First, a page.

The Emory University School of Medicine for several years has conducted the half of the Grady Municipal Hospital that is devoted to the care of Negroes. This includes a large outpatient department. Shortly after beginning to teach in this dispensary in September, 1928, I was struck with the prevalence of congestive heart failure associated with syphilis. One of these early patients was treated with mercury, potassium iodide and digitalis for about six months without improvement. Finally, I resorted to bismuth arsphenamine sulphonate (bismarsen), and a month later the patient returned to heavy labor. He has had two minor recurrences of congestive failure, and has returnedto the dispensary for a few treatments. He is still living and working. This unexpected result interested me in the treatment of cardiovascular syphilis.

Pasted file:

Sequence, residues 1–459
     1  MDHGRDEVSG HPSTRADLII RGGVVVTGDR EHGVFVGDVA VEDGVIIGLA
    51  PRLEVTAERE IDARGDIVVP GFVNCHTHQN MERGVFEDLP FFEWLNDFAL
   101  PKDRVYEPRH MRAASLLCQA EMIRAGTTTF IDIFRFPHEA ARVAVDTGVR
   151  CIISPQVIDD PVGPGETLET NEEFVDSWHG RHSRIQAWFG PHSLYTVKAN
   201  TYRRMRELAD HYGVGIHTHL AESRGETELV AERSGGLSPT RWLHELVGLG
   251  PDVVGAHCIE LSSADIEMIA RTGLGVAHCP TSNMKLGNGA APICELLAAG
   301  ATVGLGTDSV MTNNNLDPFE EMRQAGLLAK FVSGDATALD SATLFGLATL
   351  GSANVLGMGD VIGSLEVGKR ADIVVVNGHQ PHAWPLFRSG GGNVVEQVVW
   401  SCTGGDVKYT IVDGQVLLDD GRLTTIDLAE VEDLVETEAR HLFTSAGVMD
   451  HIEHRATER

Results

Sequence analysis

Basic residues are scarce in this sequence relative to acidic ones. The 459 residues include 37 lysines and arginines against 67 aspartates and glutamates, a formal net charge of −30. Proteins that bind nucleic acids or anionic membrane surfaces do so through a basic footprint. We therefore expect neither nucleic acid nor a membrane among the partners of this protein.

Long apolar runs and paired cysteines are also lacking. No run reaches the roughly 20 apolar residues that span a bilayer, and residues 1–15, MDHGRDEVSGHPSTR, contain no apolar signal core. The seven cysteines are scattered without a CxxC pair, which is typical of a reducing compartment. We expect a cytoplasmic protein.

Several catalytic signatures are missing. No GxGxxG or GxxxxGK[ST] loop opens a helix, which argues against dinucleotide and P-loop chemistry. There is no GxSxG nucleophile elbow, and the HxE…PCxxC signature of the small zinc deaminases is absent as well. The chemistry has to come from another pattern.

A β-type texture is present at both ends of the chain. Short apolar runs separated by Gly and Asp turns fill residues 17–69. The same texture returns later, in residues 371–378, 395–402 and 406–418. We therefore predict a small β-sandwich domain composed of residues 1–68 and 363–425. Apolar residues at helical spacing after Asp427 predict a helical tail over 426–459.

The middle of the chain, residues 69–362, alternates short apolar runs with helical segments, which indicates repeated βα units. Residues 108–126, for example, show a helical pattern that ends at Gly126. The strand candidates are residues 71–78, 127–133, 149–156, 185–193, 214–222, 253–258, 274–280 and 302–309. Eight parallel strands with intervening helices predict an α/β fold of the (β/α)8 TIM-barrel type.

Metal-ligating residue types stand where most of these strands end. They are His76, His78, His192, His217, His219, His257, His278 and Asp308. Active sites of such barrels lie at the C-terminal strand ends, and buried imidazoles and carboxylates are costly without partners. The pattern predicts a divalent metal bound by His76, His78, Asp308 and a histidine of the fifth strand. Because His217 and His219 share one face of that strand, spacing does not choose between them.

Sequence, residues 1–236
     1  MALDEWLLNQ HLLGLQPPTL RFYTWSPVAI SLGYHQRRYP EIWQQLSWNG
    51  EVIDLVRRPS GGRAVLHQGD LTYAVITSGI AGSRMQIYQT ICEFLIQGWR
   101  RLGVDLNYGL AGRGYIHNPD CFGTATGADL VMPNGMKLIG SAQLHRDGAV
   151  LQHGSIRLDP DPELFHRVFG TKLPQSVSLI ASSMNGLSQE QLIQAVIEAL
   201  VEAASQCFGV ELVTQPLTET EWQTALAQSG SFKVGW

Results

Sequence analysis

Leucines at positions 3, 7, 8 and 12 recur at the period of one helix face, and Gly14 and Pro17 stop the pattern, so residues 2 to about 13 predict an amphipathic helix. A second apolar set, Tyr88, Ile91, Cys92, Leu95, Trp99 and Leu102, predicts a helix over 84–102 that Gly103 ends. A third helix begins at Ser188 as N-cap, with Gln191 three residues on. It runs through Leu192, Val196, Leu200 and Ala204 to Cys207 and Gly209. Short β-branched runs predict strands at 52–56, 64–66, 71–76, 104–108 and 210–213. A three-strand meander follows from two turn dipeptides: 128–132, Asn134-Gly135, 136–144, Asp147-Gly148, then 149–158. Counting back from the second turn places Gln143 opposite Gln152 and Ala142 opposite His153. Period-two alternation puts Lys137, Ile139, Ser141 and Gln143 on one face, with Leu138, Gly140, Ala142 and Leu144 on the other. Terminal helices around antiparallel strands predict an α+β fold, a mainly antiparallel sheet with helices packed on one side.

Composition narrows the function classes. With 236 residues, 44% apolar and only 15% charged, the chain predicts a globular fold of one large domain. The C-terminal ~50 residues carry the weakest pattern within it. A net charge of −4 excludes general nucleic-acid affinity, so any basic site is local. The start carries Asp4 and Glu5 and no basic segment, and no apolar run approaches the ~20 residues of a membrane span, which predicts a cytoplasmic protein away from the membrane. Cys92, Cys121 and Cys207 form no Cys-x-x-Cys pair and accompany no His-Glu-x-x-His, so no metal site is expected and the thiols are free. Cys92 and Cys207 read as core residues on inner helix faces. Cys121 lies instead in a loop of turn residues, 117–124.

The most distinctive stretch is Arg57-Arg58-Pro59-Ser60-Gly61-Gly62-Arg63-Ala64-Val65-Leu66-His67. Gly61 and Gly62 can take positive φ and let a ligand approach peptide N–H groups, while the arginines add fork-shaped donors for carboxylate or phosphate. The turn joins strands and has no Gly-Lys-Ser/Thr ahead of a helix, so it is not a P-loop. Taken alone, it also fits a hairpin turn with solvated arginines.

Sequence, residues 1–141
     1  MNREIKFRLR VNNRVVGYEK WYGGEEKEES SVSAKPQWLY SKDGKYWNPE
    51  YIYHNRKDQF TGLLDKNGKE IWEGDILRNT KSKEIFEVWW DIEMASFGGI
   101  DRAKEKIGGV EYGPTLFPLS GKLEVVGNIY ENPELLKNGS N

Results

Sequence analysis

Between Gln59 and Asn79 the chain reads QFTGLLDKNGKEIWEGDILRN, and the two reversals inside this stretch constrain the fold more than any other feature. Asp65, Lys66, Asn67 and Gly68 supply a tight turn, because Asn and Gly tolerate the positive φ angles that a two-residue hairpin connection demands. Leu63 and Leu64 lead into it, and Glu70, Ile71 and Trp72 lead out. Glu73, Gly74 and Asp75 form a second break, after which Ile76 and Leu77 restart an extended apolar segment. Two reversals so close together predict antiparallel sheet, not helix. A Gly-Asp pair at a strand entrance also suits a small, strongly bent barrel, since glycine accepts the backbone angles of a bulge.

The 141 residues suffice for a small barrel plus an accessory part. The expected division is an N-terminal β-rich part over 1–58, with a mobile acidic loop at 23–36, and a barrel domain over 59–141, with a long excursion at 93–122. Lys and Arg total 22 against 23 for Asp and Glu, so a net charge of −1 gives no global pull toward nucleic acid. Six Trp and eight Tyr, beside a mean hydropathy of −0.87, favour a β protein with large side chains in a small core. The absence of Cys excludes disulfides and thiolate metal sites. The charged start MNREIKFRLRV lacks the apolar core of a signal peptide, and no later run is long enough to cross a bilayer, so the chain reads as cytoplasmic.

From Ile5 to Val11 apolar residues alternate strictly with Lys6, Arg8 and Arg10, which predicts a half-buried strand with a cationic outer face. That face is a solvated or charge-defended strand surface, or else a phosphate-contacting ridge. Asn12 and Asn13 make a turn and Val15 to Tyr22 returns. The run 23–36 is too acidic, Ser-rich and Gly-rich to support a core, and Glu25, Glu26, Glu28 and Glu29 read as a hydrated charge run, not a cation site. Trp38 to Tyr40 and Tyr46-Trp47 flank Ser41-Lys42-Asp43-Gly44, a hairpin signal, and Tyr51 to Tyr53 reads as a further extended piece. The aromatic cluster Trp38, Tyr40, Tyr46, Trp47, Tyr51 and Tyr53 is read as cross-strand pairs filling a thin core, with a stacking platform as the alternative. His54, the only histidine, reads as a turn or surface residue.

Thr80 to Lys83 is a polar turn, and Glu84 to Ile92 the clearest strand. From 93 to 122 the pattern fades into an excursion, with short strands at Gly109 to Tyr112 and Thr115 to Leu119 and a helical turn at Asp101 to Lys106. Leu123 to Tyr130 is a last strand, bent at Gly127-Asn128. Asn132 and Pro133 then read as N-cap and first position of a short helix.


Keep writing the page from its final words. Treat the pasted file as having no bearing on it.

While not attempting to maintain a clinic for general syphilis, I have tried to treat about three hundred patients with cases of
BLACKFORD LM. BISMUTH IN THE TREATMENT OF CARDIOVASCULAR SYPHILIS. JAMA. 1932;99(23):1902–1906. doi:10.1001/jama.1932.02740750004002
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